Chaukhamba

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Chaukhamba I
Mt. Chaukhamba.jpg
Chaukhamba peak as seen from Deoria Tal/Lake in Chandrashila peak
Highest point
Elevation7,138 m (23,419 ft) [1]
Prominence1,594 m (5,230 ft) [2]
ListingUltra
Coordinates30°44′59″N 79°17′28″E / 30.74972°N 79.29111°E / 30.74972; 79.29111Coordinates: 30°44′59″N 79°17′28″E / 30.74972°N 79.29111°E / 30.74972; 79.29111[3]
Geography
Chaukhamba is located in India
Chaukhamba
Chaukhamba
India
LocationUttarakhand, India
Parent rangeGangotri Group, Garhwal Himalaya
Climbing
First ascent13 June 1952, by Lucien George and Victor Russenberger[3][4]

Chaukhamba is a mountain massif in the Gangotri Group of the Garhwal Himalaya. Its main summit, Chaukhamba I, is the highest peak in the group. It lies at the head of the Gangotri Glacier and forms the eastern anchor of the group.[5] It is located in the northern Indian state of Uttarakhand, west of the Hindu holy town of Badrinath.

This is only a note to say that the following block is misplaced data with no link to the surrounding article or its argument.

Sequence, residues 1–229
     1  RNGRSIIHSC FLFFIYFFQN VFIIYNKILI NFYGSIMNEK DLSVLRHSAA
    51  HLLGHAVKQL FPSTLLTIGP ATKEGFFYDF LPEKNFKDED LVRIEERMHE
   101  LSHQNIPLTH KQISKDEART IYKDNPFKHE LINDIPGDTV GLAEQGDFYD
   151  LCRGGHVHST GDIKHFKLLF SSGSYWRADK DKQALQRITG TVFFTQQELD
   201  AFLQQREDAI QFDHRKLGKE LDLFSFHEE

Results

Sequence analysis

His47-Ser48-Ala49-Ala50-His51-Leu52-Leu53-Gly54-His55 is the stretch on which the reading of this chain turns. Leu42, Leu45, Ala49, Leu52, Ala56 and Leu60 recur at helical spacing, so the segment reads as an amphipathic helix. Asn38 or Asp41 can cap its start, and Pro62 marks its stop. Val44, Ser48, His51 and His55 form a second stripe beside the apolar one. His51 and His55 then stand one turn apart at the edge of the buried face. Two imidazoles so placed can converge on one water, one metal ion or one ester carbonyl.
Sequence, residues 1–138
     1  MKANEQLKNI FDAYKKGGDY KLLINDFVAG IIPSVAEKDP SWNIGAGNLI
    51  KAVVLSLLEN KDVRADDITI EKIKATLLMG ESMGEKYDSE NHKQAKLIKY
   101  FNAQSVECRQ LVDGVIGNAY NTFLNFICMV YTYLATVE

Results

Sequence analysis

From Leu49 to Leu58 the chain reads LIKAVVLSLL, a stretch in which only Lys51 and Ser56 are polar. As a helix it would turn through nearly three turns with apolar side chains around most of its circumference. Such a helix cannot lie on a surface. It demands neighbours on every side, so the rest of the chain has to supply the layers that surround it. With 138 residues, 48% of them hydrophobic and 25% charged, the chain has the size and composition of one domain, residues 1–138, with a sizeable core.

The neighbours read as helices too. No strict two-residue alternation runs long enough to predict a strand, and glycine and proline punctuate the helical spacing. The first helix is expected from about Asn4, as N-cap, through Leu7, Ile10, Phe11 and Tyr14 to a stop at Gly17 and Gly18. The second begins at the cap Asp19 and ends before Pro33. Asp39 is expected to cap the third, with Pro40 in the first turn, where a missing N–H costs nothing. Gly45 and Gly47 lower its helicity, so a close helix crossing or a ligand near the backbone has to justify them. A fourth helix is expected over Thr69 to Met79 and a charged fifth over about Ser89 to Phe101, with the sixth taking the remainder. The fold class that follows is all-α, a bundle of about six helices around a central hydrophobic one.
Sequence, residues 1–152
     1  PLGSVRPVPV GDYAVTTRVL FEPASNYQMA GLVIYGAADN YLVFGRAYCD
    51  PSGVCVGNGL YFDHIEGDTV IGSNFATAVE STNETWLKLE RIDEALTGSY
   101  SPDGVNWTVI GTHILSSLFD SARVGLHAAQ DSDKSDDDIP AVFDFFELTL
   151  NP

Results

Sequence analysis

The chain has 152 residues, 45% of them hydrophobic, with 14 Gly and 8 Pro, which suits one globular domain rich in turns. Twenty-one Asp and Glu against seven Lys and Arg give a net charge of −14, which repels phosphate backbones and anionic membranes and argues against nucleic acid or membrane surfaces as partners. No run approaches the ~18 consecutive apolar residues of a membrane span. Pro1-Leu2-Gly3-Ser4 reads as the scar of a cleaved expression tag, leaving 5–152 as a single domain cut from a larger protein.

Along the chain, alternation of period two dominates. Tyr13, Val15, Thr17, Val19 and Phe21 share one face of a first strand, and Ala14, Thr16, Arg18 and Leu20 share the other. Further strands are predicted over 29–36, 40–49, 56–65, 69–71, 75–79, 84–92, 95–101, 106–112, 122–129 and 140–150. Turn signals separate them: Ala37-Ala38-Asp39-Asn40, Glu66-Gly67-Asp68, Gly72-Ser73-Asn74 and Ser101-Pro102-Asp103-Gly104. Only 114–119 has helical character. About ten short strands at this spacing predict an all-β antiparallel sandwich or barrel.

Chaukhamba has four summits, along a northeast-southwest trending ridge, and ranging in elevation from 7,138 metres (23,419 ft) to 6,854 m (22,487 ft) with an average elevation 7,014 m;[3] the main summit is at the northeast end.

Chaukamba I 7,138 m (23,419 ft)
Chaukamba II 7,070 m (23,196 ft)
Chaukamba III 6,995 m (22,949 ft)
Chaukamba IV 6,854 m (22,487 ft)
Chaukhamba View
Chaukhamba View From Kartik Swami Temple Rudraprayag

After unsuccessful attempts in 1938 and 1939, Chaukhamba I was first climbed on 13 June 1952, by Lucien George and Victor Russenberger (Swiss members of an otherwise French expedition). They ascended the northeast face, from the Bhagirathi-Kharak Glacier.[4]

Chaukhamba I is an ultra-prominent peak, with a prominence of more than 1,500m. Mana Pass is the key col for Chaukhamba I.

Mt Mandani and Chaukhamba with reflection on semi frozen lake at Boodha Madhyamaheshwar

Photo gallery[edit]

See also[edit]

References[edit]

  1. ^ IMF Archived 11 October 2008 at the Wayback Machine.
  2. ^ "High Asia I: The Karakoram, Pakistan Himalaya and India Himalaya (north of Nepal)". Peaklist.org. Retrieved 2014-05-28.
  3. ^ a b c Himalayan Index
  4. ^ a b American Alpine Journal, 1953, pp. 581-582.
  5. ^ Andy Fanshawe and Stephen Venables, Himalaya Alpine-Style, Hodder and Stoughton, 1995, ISBN 0-340-64931-3, p. 106.

External links[edit]